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According to the Bureau of Labor Statistics, employment of massage therapists is projected to grow 23 percent from 2012 to 2022, much faster than the average for all occupations. Continued growth in the demand for massage services will lead to new openings for massage therapists.


As an increasing number of states adopt licensing requirements and standards for therapists, the practice of massage is likely to be respected and accepted by more people as a way to treat pain and to improve overall wellness. Similarly, as more healthcare providers understand the benefits of massage, demand will increase as these services become part of treatment plans.


Massage also offers specific benefits to particular groups of people whose continued demand for massage services will lead to overall growth for the occupation. For example, some sports teams hire massage therapists to help give their athletes relief from pain and to rehabilitate clients with injuries.


Demand for massage services will grow as the baby-boom generation seeks these services as a way to help maintain their health as they age. Older people in nursing homes or assisted-living facilities also are finding benefits from massage, such as increased energy levels and reduced health problems. Demand for massage therapy should grow among older age groups because they increasingly are enjoying longer, more active lives.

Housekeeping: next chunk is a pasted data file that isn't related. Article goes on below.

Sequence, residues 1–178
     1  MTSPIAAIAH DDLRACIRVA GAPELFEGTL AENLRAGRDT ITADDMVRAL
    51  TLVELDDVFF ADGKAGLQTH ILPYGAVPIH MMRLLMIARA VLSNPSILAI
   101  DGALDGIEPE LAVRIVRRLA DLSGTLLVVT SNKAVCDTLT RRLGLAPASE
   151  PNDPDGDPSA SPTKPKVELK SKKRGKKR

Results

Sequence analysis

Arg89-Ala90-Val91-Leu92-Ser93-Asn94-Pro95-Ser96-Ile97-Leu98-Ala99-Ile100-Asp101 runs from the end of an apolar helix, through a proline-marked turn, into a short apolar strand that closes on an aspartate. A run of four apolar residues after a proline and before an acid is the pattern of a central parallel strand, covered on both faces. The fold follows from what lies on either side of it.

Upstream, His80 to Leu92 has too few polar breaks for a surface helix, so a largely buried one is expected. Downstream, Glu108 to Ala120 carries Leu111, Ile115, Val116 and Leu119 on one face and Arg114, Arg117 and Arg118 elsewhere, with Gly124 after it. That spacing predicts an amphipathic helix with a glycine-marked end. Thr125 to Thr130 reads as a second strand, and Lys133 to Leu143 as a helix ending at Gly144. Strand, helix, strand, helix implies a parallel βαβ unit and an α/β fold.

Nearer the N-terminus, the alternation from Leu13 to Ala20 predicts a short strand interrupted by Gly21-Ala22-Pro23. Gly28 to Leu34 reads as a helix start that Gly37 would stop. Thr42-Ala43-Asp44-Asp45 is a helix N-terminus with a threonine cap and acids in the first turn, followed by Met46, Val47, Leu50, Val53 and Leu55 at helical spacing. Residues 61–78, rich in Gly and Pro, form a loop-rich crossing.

In addition, the number of massage clinic franchises has increased in recent years. Many franchised clinics offer more affordable massages than those provided at spas and resorts, making massage services available to a wider range of customers.


Massage therapists held about 132,800 jobs in 2012. About 46 percent of massage therapists were self-employed in 2012.


Massage therapists work in an array of settings, both private and public, such as:

  • Private Offices

  • Spas

  • Hospitals

  • Fitness Centers

  • Self-Employed (travel to clients’ homes).

The median annual wage for massage therapists was $35,970 in May 2012. The median wage is the wage at which half the workers in an occupation earned more than that amount and half earned less. The lowest 10 percent earned less than $18,420, and the top 10 percent earned more than $70,140.


Most massage therapists earn a combination of wages and tips.


Many massage therapists work part time; only about 1 out of 3 worked full time in 2012. Because therapists work by appointment in most cases, their schedules and the number of hours worked each week vary considerably. In addition to devoting hours giving massages, therapists may spend time recording client notes, marketing, booking clients, washing linens, and conducting other general business tasks.

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